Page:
During the development of ControlsInsight, we selected the first set of controls based on input from Rapid7 experts with extensive experience in attacker methodology (like HD Moore and our co-founders Tas Giakouminakis and Chad Loder) combined with industry best practices for risk mitigation. One of the best practices we used was the SANS 20 Critical Security Controls, which helps organization focus efforts on security controls that would have the greatest impact in improving risk posture against real-world threats. According to the US State Department, organizations can achieve more than 94% risk reduction through the rigorous automation and measurement of the Top 20 Controls. ControlsInsight takes a similar approach to security - the solution prioritizes controls deployment based on effectiveness at defending against threats, giving you an action plan to address the most significant risks across your organization.

With ControlsInsight, you can automatically monitor the following critical security controls:

SANS Top 20 Controls ControlsInsight Why This Control is Critical
3-2 Implement automated patching tools and processes
  • Operating systems up-to-date
  • Browsers up-to-date
  • High-risk applications up-to-date
Cybercriminals often use known exploits to hack into systems that have not been patched. According to the Verizon 2013 Data Breach Investigations Report, 75% of attacks are opportunistic, meaning the victim was targeted because they exhibited a weakness the attacker knew how to exploit.
5-1 Continuously monitor for active, up-to-date anti-malware protection
  • Anti-virus optimized (installed, enabled and DAT file up-to-date)
While anti-virus software has its limitations, it can help defend against threats by attempting to detect malware and block its execution.
5-2 Verify that each system has received its malware signature update
  • Anti-virus optimized (installed, enabled and DAT file up-to-date)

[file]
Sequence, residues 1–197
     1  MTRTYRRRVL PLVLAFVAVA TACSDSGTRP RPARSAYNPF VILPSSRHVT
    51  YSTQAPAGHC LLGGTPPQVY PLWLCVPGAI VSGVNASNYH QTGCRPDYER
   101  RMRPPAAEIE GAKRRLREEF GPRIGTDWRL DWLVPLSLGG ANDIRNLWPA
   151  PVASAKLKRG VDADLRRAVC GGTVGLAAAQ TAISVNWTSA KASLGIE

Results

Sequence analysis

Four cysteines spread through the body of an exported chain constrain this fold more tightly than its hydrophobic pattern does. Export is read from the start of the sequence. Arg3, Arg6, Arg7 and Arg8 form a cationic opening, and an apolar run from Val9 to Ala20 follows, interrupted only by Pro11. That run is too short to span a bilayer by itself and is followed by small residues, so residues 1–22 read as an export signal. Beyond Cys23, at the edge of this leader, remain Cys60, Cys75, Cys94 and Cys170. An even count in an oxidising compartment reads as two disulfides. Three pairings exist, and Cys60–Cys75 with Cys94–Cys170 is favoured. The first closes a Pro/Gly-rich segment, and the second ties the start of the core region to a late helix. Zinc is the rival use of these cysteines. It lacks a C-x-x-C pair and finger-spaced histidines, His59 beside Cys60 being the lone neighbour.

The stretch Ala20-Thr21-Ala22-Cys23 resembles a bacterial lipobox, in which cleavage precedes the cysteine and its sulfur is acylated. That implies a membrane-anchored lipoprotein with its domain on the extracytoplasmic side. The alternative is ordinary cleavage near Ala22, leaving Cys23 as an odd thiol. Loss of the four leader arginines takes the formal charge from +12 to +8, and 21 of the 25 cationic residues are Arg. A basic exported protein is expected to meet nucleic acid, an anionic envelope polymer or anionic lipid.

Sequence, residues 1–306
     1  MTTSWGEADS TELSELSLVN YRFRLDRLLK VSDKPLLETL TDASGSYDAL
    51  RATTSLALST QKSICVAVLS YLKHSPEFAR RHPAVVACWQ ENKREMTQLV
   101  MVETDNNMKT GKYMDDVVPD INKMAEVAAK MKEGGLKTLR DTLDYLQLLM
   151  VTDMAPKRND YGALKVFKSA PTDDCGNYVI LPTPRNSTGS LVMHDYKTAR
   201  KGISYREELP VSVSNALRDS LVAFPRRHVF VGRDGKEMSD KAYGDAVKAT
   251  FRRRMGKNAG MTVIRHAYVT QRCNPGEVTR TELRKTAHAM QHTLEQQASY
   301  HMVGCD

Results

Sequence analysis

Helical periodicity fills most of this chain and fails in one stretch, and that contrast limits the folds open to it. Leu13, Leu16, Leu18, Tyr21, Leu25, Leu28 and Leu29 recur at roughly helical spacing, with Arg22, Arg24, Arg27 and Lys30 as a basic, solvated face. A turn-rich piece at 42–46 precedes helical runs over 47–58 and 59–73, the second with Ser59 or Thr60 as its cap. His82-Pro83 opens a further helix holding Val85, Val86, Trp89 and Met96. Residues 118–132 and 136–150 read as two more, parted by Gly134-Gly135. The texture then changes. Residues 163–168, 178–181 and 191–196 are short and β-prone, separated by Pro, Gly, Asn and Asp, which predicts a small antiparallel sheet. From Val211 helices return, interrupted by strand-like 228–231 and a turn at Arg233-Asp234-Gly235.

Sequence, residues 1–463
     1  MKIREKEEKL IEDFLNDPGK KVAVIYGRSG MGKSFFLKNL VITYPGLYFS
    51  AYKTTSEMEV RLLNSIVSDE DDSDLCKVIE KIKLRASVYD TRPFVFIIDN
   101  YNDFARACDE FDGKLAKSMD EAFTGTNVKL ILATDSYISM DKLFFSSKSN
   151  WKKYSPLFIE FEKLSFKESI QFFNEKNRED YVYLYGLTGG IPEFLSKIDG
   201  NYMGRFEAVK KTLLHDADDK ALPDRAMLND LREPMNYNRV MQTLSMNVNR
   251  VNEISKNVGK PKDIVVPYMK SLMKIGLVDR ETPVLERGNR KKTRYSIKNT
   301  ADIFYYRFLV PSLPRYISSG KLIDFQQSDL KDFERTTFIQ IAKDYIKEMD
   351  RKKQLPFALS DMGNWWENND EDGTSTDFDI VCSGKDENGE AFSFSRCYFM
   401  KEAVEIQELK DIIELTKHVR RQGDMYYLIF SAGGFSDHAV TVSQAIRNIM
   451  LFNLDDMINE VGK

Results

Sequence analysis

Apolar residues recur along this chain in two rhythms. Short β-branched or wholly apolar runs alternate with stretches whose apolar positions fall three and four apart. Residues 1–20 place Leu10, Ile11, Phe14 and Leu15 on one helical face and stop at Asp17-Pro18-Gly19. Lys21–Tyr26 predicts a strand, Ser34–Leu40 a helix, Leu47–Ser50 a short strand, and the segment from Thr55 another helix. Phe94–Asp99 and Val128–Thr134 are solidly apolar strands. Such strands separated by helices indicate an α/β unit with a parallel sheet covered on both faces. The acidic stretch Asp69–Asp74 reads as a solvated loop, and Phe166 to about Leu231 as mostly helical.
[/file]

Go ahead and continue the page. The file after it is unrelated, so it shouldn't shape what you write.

"Trust but verify" - it's important to check that the latest malware signature has been successfully deployed and applied to each system.
5-3 Configure workstations so that they will not auto-run content from USB thumb drives
  • USB access blocked
Attackers have been known to infect networks by dropping USB thumb drives containing malicious code on-site for unwitting users to pick up.
5-5 Scan and block all e-mail attachments including e-mail and web content filtering
  • Email client attachment filtering enabled
  • Third party URL filtering enabled
Email phishing is a common method used by attackers to gain access to a network, who employ clever tactics to trick users into clicking on attachments.
5-7 Deploy features and toolkits such as DEP and EMET
  • Code execution prevention deployed (EMET installed, ASLR, DEP and SEHOP enabled)
These mitigation features prevent malicious code execution and limits the potential damage from both existing exploits and future zero-day exploits.
11-2 Apply host-based firewalls or port filtering tools on end systems
  • Windows firewall enabled
Workstation firewalls configured to deny traffic by default unless explicitly allowed can protect against malicious or unauthorized network traffic.
12-3 Configure all administrative passwords to be complex
  • Strong local password policy enabled
According to the Verizon 2013 Data Breach Investigations Report, 76% of network intrusions exploit weak or stolen credentials.
12-4 Configure all administrative-level accounts to require regular password changes
  • Strong local password policy enabled
See 12-3
12-9 Administrative accounts should never be shared
  • Unique administrator password
Ensuring unique passwords limits the impact if a single set of credentials are compromised by stopping attackers from propagating across the network.
12-10 Configure OS so that passwords cannot be re-used within a certain timeframe
  • Strong local password policy enabled
See 12-3
13-1 Deny communications with known malicious IP addresses
  • URL reputation scanning enabled
  • Third party URL filtering enabled
Attackers focus on exploiting systems that they can reach across the Internet, including devices that pull content from the Internet through network boundaries.

To learn more about the SANS Top 20 Controls and how you can use them to build an effective security program, watch the joint webcast by Rapid7 and SANS here: Take Control! 7 Steps to Prioritize Your Security Program